I remembered something that happened to me a short time ago that is worth mentioning: I was pulled over by the cops because of light pollution! I was in downtown Hartford (CT USA) at about 10pm, coming from the radio station I worked at. I got onto I-91 heading north. After a mile or so I noticed a cruiser following me (I wasn't speeding at all). Finally, the strobes came on signaling me to pull over. The cop came up to my car and asked for the usual license and registration. When I questioned her as to why I was pulled over, she said "You were driving with your lights off". I looked at the instrument panel, and sure enough I was driving with all lights off. Now, why would I be doing that?!? Reason: The lighting levels in Hartford are so excessive that you don't even notice that your headlights are off at night, a problem consistent all over the country from New York to San Diego. Had I been in a properly lit area, I would have certainly noticed that my lights were off! The cop came back and asked if I was drinking (I don't); she said "Driving with no lights is common among intoxicated people and is often a tell tale sign of a DUI". I was tempted to reply "Driving with no lights on is a sign of excessive light pollution!", but I refrained because I didn't want to be a smartass. It kind of makes me wonder if light pollution is something that lawyers hear as an excuse for a DUI? In an area in or around a city like San Diego there must be a lot of that happening. What can be said about all this? ANY area in which you can easily drive at night without headlights turned on is by definition "light polluted to excess".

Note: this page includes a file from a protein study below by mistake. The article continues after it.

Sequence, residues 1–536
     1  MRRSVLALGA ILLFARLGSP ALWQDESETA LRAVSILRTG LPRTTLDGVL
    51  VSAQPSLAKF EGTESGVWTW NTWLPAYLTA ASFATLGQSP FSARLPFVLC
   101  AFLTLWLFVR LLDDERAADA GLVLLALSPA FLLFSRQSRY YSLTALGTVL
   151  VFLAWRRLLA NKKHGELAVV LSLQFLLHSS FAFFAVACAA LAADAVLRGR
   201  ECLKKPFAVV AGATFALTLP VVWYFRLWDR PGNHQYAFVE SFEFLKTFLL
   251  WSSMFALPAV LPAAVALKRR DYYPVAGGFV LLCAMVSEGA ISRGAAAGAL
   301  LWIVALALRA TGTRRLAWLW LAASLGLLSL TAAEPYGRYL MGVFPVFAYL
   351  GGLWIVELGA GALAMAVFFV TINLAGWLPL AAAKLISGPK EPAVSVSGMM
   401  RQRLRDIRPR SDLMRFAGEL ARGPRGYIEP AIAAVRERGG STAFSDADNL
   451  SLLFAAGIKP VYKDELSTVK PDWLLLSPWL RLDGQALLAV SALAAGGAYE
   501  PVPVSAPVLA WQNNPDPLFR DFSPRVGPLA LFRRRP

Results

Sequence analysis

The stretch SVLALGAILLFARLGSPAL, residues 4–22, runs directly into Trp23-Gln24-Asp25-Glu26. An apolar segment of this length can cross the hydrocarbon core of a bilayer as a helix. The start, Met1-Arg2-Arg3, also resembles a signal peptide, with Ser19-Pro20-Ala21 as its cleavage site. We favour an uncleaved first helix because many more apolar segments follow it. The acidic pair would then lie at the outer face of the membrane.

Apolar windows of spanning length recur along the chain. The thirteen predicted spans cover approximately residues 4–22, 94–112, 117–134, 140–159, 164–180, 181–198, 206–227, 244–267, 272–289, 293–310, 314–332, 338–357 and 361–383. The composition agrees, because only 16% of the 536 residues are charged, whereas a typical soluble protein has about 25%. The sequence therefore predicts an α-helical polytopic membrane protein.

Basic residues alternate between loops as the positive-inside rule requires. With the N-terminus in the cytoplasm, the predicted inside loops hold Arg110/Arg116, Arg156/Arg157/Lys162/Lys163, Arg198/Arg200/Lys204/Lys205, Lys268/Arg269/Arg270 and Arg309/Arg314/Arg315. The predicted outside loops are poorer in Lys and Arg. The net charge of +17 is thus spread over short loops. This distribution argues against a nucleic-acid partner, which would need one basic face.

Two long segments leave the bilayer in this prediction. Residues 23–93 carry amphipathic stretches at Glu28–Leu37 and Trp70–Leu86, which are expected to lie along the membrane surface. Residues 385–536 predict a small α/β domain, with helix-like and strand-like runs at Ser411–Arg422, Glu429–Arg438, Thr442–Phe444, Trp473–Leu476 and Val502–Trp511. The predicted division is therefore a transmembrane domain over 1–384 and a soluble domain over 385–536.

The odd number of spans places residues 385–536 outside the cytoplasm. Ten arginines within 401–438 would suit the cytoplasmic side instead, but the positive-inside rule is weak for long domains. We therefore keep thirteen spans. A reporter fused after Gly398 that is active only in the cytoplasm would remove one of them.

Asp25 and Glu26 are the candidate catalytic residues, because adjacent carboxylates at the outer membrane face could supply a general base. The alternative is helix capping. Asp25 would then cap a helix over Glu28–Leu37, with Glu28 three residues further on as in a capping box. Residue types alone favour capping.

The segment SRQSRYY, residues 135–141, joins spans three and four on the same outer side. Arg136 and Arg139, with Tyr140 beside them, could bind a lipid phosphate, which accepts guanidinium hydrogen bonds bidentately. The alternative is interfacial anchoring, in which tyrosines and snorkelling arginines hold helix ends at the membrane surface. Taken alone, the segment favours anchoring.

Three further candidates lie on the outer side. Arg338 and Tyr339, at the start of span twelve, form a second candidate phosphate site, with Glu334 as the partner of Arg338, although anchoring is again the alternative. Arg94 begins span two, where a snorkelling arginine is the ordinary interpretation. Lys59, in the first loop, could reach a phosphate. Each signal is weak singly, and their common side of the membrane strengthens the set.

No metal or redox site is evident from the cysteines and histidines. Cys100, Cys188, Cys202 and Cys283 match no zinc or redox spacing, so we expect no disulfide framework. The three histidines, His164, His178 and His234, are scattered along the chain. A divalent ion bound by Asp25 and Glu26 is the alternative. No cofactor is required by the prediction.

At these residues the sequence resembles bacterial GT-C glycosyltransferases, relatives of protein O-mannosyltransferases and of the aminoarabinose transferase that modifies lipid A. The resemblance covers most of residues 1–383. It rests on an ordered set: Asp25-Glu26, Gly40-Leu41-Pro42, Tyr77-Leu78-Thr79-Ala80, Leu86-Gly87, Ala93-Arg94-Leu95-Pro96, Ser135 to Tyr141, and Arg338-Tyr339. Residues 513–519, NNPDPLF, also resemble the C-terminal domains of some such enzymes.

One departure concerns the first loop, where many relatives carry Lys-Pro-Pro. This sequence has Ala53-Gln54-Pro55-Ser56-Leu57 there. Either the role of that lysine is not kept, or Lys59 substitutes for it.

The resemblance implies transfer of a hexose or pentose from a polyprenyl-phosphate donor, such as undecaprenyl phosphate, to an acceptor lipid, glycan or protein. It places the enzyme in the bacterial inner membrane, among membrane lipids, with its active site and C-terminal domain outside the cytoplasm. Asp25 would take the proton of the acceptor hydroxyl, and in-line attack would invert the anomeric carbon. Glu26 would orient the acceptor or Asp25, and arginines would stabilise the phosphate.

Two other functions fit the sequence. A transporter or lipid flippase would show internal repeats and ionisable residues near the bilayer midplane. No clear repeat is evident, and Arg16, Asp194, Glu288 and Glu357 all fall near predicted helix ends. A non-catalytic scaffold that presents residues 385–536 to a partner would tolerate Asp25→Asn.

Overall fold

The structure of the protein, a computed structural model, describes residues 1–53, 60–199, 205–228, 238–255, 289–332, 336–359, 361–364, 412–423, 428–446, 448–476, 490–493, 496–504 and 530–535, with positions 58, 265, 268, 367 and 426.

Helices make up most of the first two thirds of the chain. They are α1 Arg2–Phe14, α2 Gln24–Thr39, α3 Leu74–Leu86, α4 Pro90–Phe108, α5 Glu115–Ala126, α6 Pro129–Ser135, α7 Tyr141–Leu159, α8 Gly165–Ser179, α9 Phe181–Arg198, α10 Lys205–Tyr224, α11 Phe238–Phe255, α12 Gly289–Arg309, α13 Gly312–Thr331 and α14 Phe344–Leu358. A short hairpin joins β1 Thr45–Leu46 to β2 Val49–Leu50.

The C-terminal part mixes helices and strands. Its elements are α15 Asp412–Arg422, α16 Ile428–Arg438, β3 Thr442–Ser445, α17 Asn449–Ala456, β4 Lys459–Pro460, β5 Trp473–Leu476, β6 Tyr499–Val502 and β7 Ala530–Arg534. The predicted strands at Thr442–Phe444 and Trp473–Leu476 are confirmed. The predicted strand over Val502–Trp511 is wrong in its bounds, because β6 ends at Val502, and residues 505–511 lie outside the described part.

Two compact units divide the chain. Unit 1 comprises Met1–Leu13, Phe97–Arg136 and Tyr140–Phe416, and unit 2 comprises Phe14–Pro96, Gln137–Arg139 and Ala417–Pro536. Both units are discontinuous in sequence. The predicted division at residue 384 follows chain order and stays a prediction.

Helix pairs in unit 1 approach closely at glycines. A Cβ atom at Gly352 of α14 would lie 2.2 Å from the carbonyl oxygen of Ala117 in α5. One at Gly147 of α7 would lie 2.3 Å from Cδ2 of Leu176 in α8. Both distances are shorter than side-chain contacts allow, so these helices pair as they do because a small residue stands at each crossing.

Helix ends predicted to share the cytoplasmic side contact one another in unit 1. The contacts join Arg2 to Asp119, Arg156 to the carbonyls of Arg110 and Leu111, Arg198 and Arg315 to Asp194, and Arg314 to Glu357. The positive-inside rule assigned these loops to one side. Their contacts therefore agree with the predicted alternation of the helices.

At about 5:00am (EST) on 6 February, I stepped outside to put the trash out. There was severe icing from the nor'easter that had come through the day before. I nearly fell on my butt several times due to the ice. When I got to the end of the driveway, I looked up and saw an amazing sight... an incredibly good naked eye view of the night sky. Extraordinarily clean and dry air must have come in overnight, because the number of visible stars was far greater than I typically see from this moderately light polluted area. I could still see the effects of light pollution to the southeast (New London, CT), however it was not nearly as bad as normal. I could see the Hercules Cluster (M13) with the naked eye! The stars of Draco were very prominent; Corona Borealis also stood out very well. It was a breathtaking sight. It reminded me of the skies I once had in Wilbraham, MA back in 1975. For a moment I was brought back to that time. The Milky Way was "down", but had it been up it would have been easy and beautiful. I would say that the sky conditions were among the best I have ever seen for Oakdale, CT. There are probably only 2 or 3 nights per year with conditions this good. Being that I had to get ready for work, not to mention that the ice would have made it very difficult to observe, I was not able to do more than look around with the naked eye for a few minutes. The skies I saw reminded me of how good it used to be on a typical night in the 70's.